Locarno 2021 Review: LUZIFER Rising in Oedipal Horror, Veiled as Lyrical Drama of Atonement
Franz Rogowski and Susanne Jensen star in a horror drama, directed by Peter Brunner.
The dramatic title of Peter Brunner's first feature-length offering, Luzifer, produced under the auspice of Austrian provocateur excellent, Ulrich Seidl, had built high expectations.
Brenner revealed he did a fair share of research on the topic of matricide to prepare the script for Luzifer. Thus, the story is not based on a single act of the heinous crime, but rather stems from a generalization based on the usual circumstances. Luzifer plunges into the disturbed psyché of a child raised outside the limits and norms of society.
Brunner sets the story in a solitary spot somewhere in the Alps, where Maria is living a seemingly peaceful life in harmony with nature and God. She is sharing a simple existence with her son Johannes, who is described as a modern-day Kaspar Hauser. Commanding a very limited vocabulary and reasoning, Johannes is a child trapped in an adult's body, acting mostly on basic impulses. He grew up detached from the outside world in ascetic conditions.
Maria took the self-imposed expulsion from the civilization less as a Walden-like craving and more as a result of her previous sinful life. Her completely inked body bears witness to her history of a wild life, fueled by alcohol and drug excess. She is carrying out atonement and praising God for keeping her clean and sober.
Luzifer moves at a glacial pace throughout the first half as Brunner takes time and images to craft an image of the pastoral idyll of an atoning mother bonding with her adult son, whom she kept at the mental level of a child, featuring overlong, meditative shots of pristine nature untouched by filthy human hands, a Luddite existence unburdened by social conventions and obligations, and a family idyll of daily doses of ora et labora and Johannes playing with his best friend, an eagle. However, seeds of distress and discomfort are sprouting in the mountainous Eden.
Out of the blue, Brunner inserts a brief yet all the more dreadful crepuscular shot of a mutilated body stuck in a small lake. Something wicked lurks in the mountains and the saintly family duo is hiding something rotten. The drama accelerates as Maria and Johaness become the target of attempts for eviction.
A new ski resort is about to be built in the mountain and their ramshackle shed stands in the way of greedy developers. In a rather inelegant scriptwriting twist, Brunner drops a party of roughnecks to terrorize the family with drones, showing no respect for nature.
Luzifer could sustain itself solely on the mother-son chamber drama, since an inevitable antagonism is encoded between the characters. The superficial conflict with the vile outside world steals the subtleness that Brunner kept building in the overstretched running time. The mother-son's resistance to selling the land arises as an on-the-nose metaphor of perverted capitalism invading Mother Nature, where there was not truly need for such a subplot.
The central line of Maria's nurturing motherly love hides the ultimate perversion, as she willingly chose to raise her son without proper understanding of the world and thus intentionally incapacitated his cognitive faculties. The missing father figure, religiously over-zealous mother and suppressing of awakening sexual urges destine Johannes to become an Ed Gein-sort of figure.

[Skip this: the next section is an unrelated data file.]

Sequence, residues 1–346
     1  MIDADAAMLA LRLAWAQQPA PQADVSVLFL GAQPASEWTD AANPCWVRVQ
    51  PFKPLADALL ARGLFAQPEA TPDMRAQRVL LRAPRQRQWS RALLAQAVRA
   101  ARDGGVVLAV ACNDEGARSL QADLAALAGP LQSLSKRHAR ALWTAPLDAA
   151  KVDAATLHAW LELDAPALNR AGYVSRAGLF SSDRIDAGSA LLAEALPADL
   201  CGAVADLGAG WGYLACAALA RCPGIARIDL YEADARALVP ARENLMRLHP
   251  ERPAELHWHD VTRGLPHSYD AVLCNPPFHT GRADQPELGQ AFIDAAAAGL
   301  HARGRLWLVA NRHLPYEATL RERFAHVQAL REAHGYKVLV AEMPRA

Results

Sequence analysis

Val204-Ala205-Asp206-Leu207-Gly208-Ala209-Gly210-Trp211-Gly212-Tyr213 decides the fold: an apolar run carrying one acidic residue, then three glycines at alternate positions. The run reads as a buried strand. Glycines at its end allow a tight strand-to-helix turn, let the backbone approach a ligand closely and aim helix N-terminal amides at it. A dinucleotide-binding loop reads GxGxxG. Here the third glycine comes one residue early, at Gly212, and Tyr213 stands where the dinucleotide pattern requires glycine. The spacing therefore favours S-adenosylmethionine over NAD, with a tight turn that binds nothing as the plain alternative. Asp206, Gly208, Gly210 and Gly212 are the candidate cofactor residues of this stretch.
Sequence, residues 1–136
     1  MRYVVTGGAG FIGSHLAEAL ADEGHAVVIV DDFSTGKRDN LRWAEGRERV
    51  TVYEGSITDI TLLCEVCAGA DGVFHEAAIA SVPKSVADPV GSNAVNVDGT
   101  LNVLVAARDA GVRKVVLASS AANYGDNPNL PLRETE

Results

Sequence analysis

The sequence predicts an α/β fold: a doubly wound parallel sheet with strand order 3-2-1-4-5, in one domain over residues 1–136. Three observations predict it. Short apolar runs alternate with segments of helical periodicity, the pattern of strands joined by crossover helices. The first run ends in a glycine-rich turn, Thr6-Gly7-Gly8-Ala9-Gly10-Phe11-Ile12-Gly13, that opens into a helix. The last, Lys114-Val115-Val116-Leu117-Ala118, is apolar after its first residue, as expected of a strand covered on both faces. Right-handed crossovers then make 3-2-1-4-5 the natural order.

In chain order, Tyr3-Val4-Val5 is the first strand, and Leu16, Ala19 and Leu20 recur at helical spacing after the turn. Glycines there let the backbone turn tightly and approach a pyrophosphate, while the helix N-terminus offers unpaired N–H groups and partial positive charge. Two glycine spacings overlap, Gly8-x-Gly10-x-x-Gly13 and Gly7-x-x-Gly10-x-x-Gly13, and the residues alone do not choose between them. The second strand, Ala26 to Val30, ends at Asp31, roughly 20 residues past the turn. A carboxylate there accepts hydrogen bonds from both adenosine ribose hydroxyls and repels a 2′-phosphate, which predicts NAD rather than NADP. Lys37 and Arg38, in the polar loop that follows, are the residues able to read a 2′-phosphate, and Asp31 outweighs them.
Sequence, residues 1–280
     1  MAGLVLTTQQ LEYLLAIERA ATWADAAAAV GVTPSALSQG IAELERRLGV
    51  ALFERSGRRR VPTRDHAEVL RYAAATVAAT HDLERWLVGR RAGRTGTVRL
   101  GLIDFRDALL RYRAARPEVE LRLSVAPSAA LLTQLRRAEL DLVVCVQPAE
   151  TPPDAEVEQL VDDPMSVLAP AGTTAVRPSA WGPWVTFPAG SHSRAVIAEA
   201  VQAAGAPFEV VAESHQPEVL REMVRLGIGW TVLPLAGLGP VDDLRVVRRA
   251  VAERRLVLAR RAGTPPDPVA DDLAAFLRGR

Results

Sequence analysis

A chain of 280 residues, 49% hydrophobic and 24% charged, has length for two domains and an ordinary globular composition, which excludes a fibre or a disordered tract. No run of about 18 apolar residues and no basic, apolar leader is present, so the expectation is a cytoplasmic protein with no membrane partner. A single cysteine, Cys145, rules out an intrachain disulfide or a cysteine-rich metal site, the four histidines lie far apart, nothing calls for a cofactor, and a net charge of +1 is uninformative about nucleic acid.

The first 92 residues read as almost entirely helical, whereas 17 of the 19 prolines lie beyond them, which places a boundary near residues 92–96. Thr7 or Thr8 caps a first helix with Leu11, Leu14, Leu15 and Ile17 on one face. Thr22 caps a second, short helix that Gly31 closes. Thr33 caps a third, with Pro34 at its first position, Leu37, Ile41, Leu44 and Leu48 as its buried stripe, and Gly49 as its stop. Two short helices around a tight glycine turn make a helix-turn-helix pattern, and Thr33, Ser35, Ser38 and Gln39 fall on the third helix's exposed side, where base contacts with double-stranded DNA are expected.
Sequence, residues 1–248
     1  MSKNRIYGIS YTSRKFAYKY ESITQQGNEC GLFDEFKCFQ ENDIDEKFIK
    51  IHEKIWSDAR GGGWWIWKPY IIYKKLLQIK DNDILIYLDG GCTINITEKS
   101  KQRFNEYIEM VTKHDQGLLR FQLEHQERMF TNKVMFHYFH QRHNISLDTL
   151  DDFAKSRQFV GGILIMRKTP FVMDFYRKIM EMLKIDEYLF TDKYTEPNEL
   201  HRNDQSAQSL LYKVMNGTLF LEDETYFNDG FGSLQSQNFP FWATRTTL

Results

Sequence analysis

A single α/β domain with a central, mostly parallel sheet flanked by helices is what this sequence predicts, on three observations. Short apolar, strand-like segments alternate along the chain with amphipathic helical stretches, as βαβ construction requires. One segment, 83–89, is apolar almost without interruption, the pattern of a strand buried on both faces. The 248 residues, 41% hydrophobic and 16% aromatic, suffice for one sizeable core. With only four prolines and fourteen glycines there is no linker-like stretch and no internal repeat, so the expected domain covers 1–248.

As Brunner reveals more from the lives of Maria and Johannes, the actual story arises from the implications. The sociopathic mother is raising a psychopathic son. Luzifer is a modern-day Frankenstein, where boundaries between moral and amoral have been blurred by a distorted interpretation of a strict religious doctrine.
Brunner walks a thin line between psychological drama and serial killer horror, attempting to hide and dissolute the latter under mundane and contemplative shots of nature. The director hides the film's genre side, pining for the psychological drama of Johannes' awakening in a grotesque rite of passage. The mother's Christian iconography is in stark contrast to the pagan imagery of nature and Johannes lives in both worlds until the maternal cord gets cut in the notoriously oedipal style.
Luzifer shares the family D.N.A. of Veronika Franz and Severin Fiala, movies that are not afraid to acknowledge their genre origin. However, Brunner adopts a much more lyrical approach to tackle the genre, trying to build strong parables on inter-generational trauma, parents perverting children on the basis of self-induced delusion, the clash of religion and paganism, nurture versus nature, and, last but not least, all-consuming capitalism.
The hodge-podge of ideas and motifs is carefully laid out in Brunner's script, even though he occasionally utilizes way-too-explanatory plotting for its own good. The superb performances by Susanne Jensen as Maria and Franz Rogowoski in the role of Johannes could easily pull off the chamber psychological drama on their own (along with a small but crucial contribution by Monika Hinterhuber). Peter Flinckenberg's cinematography ensures the lyrical and meditative imagery along with pagan mysticism and the unrelenting rawness of Johannes' awakening.
- Peter Brunner
- Peter Brunner
- Franz Rogowski
- Susanne Jensen